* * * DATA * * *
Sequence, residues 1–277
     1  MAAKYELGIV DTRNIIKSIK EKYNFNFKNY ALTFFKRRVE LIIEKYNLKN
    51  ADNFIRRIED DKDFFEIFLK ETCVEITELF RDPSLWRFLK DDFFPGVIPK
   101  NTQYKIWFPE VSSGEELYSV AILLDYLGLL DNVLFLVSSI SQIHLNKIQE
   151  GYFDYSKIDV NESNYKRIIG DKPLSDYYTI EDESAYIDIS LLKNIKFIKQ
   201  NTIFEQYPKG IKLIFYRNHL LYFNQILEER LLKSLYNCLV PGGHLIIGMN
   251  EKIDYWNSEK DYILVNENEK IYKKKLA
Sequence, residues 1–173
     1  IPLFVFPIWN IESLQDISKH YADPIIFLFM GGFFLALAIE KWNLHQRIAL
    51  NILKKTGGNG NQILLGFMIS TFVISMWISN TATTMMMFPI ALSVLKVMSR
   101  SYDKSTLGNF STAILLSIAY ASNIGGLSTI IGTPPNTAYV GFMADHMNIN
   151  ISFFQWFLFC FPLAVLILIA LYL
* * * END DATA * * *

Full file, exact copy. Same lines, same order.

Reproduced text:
Sequence, residues 1–277
     1  MAAKYELGIV DTRNIIKSIK EKYNFNFKNY ALTFFKRRVE LIIEKYNLKN
    51  ADNFIRRIED DKDFFEIFLK ETCVEITELF RDPSLWRFLK DDFFPGVIPK
   101  NTQYKIWFPE VSSGEELYSV AILLDYLGLL DNVLFLVSSI SQIHLNKIQE
   151  GYFDYSKIDV NESNYKRIIG DKPLSDYYTI EDESAYIDIS LLKNIKFIKQ
   201  NTIFEQYPKG IKLIFYRNHL LYFNQILEER LLKSLYNCLV PGGHLIIGMN
   251  EKIDYWNSEK DYILVNENEK IYKKKLA
Sequence, residues 1–173
     1  IPLFVFPIWN IESLQDISKH YADPIIFLFM GGFFLALAIE KWNLHQRIAL
    51  NILKKTGGNG NQILLGFMIS TFVISMWISN TATTMMMFPI ALSVLKVMSR
   101  SYDKSTLGNF STAILLSIAY ASNIGGLSTI IGTPPNTAYV GFMADHMNIN
   151  ISFFQWFLFC FPLAVLILIA LYL